There is a great deal of movement around the world in search of change, in many areas. One of these is among economics students.
Lars P. Syll is an economist at the Faculty of Education and Society at Malmö, Sweden
Cross-posted from Syll’s blog
The master-economist must possess a rare combination of gifts … He must be mathematician, historian, statesman, philosopher—in some degree. He must understand symbols and speak in words. He must contemplate the particular, in terms of the general, and touch abstract and concrete in the same flight of thought. He must study the present in the light of the past for the purposes of the future. No part of man’s nature or his institutions must be entirely outside his regard. He must be purposeful and disinterested in a simultaneous mood, as aloof and incorruptible as an artist, yet sometimes as near to earth as a politician.
Economics students today are complaining more and more about the way economics is taught. The lack of fundamental diversity — not just path-dependent elaborations of the mainstream canon — and narrowing of the curriculum, dissatisfy econ students all over the world. The frustrating lack of real-world relevance has led many of them to demand the discipline to start developing a more open and pluralistic theoretical and methodological attitude.
There are many things about the way economics is taught today that worry yours truly. Today’s students are force-fed with mainstream neoclassical theories and models. That lack of pluralism is cause for serious concern.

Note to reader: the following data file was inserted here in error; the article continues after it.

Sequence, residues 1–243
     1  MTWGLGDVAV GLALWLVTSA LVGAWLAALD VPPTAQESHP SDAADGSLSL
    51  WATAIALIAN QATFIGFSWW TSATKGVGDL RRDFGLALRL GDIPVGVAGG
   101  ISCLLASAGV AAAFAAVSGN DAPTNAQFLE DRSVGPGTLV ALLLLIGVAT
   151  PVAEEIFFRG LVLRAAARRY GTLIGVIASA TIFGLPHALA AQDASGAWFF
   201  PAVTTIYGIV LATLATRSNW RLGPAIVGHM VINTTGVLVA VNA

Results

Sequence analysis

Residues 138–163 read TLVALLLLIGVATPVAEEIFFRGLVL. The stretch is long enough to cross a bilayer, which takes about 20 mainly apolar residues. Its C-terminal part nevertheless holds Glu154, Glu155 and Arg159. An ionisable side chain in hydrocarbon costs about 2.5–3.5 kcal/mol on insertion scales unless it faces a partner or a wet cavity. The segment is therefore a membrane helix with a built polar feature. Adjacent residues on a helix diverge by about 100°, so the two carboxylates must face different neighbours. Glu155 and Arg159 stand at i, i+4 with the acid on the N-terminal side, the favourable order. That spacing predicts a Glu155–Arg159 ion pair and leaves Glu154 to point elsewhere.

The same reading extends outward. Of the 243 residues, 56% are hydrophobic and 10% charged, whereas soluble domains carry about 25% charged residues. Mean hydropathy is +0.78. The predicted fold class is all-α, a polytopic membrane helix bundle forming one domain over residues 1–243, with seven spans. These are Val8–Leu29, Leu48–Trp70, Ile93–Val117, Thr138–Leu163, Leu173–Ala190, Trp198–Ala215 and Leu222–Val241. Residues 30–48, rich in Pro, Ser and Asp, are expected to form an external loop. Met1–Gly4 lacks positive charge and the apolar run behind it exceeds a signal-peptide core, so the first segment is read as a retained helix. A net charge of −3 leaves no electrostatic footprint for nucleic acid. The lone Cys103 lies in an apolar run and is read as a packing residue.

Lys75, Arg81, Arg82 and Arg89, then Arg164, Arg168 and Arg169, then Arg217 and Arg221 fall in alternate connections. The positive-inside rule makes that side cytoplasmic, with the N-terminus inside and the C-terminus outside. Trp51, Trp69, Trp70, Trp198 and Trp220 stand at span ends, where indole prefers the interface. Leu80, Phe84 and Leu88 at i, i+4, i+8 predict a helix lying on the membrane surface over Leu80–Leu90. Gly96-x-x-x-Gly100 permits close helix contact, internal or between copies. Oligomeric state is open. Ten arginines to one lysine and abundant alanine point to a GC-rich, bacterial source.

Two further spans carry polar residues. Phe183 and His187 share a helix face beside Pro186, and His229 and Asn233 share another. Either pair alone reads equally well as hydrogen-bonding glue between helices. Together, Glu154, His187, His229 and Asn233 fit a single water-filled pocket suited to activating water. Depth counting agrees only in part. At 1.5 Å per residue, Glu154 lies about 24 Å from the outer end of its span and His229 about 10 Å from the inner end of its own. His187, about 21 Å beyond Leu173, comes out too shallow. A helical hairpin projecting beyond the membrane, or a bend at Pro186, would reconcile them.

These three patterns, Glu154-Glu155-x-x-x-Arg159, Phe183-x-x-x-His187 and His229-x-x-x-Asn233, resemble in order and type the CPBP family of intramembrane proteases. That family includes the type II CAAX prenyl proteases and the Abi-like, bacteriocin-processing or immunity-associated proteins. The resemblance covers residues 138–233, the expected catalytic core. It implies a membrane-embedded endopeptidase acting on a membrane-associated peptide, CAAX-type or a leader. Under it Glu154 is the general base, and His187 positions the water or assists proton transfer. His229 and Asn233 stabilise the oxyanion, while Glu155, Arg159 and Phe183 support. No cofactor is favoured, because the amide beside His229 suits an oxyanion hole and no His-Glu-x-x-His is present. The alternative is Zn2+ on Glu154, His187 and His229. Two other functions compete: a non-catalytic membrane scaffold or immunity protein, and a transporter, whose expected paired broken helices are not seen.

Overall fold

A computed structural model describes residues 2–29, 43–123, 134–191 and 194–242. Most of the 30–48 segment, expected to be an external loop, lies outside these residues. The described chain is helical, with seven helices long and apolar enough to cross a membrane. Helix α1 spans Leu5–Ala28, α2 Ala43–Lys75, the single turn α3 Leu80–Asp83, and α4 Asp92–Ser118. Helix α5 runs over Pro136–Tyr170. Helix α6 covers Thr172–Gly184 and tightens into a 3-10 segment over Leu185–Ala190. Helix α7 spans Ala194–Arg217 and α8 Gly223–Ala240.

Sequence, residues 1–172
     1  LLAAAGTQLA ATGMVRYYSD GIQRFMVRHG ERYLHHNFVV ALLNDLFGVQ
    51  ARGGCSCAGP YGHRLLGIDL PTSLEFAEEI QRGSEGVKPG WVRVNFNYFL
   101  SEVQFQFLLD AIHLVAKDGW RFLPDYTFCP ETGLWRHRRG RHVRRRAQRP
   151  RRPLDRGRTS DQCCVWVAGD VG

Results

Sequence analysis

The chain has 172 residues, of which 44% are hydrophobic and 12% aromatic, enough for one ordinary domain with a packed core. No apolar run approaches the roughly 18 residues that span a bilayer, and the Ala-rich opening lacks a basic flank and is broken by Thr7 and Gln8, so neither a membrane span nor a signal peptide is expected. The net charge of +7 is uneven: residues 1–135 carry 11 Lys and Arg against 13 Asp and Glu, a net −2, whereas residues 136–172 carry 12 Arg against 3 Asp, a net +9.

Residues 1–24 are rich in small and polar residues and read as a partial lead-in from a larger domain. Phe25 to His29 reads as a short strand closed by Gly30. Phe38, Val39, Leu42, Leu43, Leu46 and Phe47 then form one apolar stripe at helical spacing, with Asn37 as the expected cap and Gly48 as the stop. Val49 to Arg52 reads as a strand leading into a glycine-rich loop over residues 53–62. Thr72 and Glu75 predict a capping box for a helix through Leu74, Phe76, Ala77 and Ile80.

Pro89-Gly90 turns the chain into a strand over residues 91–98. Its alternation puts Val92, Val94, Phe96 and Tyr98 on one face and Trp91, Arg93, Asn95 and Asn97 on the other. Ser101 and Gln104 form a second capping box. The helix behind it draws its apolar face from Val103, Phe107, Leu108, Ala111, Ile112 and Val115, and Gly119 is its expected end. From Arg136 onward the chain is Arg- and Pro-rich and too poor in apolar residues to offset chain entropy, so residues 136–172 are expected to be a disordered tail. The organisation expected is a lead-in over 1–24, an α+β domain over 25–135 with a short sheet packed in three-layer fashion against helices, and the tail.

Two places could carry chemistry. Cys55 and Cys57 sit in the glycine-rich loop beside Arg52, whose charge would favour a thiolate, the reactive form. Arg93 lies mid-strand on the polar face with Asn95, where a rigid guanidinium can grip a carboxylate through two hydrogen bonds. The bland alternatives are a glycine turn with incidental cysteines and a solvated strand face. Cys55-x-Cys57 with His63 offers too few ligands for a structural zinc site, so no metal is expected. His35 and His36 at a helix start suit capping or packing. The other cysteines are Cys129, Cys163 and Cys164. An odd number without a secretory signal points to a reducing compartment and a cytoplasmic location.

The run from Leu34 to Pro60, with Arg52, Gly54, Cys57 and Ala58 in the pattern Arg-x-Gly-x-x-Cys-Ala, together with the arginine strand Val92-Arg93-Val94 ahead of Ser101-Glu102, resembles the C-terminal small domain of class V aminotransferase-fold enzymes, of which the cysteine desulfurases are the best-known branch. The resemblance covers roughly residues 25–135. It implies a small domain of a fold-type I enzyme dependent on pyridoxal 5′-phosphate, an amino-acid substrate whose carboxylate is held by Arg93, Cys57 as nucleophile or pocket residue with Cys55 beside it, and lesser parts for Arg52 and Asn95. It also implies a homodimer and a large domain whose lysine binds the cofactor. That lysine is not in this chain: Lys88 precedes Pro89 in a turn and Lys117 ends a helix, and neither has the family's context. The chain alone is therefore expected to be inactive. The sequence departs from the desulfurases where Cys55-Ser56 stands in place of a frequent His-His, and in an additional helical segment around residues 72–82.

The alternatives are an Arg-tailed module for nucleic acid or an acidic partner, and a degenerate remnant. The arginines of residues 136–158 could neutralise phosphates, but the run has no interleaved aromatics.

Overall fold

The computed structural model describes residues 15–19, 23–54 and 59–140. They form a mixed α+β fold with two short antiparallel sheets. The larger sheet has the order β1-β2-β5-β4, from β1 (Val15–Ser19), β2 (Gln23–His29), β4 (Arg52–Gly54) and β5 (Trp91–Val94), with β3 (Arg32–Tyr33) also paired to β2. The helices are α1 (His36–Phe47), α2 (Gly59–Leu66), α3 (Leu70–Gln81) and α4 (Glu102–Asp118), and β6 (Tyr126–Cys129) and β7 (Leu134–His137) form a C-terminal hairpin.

However, I find the most salient deficiency in ‘modern’ economics education in the total absence of courses in the history of economic thought and economic methodology. That is deeply worrying since a science that doesn’t self-reflect and asks important methodological and science-theoretical questions about the own activity, is a science in dire straits.
Methodology is about how we do economics, how we evaluate theories, models and arguments. To know and think about methodology is important for every economist. Without methodological awareness it’s really impossible to understand what you are doing and why you’re doing it. Dismissing methodology is dismissing a necessary and vital part of science.
For someone who has spent forty years in economics academia, it’s hopeful to see all these young economics students that want to see a real change in economics and the way it’s taught. Never give up. Never give in.
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